Awasisuk will be open to the public starting February 28, 2023, in the Community Corridor at the Canadian Museum for Human Rights.

Project statement from Amanda Grieves,
Creator of Awasisuk

Awasisuk is about intergenerational healing and the process of moving forward to create not only a better future for ourselves but for our children as well.

Part of the inspiration for this piece is the “Every Child Matters” movement. When the news of discovering unmarked graves began to circulate, I saw a good deal of unhealed hurt and intergenerational trauma surface in many people in my community. This movement brought the truth to people across the world and with it an acknowledgement of the intergenerational trauma that residential schools and colonization have caused and continues to cause.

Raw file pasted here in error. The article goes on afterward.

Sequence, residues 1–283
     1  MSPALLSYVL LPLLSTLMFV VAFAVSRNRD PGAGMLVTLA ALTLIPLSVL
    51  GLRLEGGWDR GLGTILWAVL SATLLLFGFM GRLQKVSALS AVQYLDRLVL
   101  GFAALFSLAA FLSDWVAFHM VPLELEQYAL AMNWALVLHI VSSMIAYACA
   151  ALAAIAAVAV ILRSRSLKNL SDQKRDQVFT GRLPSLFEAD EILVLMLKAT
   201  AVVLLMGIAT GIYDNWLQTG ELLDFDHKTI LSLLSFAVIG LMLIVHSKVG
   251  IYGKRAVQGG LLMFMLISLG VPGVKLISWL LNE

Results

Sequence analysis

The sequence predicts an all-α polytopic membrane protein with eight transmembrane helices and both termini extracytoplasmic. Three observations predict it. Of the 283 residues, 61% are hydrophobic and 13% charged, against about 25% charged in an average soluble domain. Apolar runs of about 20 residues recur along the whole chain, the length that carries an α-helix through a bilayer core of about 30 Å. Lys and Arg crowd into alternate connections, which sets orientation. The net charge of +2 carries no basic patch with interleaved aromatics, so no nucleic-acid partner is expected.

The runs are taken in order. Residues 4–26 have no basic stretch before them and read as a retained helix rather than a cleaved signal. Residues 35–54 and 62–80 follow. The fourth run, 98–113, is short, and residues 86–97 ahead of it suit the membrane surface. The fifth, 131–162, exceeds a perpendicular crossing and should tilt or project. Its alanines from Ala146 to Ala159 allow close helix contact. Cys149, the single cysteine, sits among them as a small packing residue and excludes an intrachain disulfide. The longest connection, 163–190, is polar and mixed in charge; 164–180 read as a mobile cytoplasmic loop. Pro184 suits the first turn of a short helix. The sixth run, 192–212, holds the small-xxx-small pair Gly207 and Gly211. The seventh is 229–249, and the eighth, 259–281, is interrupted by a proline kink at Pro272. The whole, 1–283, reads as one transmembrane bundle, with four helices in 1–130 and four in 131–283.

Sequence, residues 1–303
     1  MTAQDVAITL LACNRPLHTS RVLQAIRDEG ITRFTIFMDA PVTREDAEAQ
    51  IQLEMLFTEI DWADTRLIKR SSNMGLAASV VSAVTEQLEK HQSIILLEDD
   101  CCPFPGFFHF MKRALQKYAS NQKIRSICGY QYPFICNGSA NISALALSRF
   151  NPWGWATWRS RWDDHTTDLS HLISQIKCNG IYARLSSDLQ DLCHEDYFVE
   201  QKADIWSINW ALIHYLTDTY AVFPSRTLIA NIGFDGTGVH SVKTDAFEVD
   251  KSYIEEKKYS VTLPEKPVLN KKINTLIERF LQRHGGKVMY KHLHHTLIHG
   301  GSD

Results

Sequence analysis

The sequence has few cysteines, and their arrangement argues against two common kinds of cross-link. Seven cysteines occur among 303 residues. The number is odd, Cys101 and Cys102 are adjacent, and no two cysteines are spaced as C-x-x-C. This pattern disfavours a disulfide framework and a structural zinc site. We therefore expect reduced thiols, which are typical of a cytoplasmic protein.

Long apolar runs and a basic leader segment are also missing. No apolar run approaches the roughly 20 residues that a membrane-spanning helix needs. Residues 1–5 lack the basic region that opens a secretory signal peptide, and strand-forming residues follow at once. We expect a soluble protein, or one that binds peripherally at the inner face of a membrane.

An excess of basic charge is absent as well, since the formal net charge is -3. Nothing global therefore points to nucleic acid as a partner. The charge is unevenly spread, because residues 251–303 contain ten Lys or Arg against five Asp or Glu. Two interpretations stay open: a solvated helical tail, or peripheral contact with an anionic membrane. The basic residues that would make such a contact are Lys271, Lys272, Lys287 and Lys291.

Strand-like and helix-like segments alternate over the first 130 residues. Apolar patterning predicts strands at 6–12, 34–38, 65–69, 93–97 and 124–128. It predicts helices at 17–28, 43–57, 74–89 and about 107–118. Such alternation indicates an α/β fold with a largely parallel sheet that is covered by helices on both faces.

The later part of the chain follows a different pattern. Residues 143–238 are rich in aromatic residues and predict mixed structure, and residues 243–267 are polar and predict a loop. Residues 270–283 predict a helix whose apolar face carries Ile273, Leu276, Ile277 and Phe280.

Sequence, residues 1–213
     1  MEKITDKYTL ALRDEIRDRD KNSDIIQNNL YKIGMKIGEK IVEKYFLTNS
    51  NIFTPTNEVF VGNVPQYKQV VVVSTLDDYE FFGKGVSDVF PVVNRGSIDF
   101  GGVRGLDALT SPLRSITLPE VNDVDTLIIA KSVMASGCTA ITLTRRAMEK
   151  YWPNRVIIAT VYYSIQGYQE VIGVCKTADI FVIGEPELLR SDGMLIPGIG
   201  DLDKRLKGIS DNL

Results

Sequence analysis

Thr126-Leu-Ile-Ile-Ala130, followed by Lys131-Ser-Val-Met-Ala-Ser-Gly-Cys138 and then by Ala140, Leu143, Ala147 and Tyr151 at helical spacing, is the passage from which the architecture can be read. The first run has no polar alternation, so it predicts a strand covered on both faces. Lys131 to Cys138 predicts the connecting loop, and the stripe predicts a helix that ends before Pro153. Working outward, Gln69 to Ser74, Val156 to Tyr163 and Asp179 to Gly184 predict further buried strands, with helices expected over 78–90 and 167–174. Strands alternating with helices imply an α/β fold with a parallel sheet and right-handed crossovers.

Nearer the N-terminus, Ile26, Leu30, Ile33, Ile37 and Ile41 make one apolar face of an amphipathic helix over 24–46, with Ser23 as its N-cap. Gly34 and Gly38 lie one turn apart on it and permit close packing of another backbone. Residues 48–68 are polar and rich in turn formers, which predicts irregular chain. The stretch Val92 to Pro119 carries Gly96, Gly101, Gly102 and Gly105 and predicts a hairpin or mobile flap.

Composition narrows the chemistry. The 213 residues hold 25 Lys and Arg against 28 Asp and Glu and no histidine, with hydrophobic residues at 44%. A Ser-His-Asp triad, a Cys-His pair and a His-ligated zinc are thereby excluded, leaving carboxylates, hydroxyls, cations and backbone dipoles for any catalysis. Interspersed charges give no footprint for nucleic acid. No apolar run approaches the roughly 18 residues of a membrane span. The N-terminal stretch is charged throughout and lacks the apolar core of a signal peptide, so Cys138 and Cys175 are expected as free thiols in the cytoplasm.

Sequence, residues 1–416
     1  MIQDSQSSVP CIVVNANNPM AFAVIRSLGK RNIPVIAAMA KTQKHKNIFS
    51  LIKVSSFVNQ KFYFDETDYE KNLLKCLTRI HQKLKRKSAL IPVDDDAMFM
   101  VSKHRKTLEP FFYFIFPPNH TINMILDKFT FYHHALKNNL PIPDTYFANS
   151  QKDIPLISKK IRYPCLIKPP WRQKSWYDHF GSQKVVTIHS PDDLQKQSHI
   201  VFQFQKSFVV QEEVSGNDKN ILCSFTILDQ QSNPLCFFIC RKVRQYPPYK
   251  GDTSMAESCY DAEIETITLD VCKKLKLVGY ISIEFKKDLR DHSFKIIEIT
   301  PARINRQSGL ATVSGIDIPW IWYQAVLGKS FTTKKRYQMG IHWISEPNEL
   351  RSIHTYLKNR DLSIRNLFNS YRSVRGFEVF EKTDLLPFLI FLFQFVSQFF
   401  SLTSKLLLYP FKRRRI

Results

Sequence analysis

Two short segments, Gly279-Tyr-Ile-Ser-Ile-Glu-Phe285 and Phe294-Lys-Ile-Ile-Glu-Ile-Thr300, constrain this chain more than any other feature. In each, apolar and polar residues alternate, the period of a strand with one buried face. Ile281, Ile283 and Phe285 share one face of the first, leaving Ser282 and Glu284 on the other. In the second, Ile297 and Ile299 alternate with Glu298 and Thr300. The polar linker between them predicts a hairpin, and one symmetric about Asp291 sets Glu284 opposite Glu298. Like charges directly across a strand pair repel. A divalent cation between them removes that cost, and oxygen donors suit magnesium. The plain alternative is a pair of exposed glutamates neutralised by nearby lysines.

Through residential schools, children, including my parents, learned to suppress their emotions in order to keep themselves safe. This lesson was then passed on to me and my siblings. Whenever something difficult happened, we were told to keep our feelings to ourselves and stay strong for those around us, ultimately continuing this cycle of emotional suppression. Suppressing one’s feelings and lived experiences ultimately stops one from healing because if you can’t acknowledge what has happened to you, you can’t truly heal.

It was our Creator’s grace that carried me through my healing process, the same grace that carried my ancestors through. As part of my healing process, I continued to connect with my culture through dressmaking. This creative process helped me acknowledge the many beautiful parts of my culture. I hope to pass this beauty along to my children.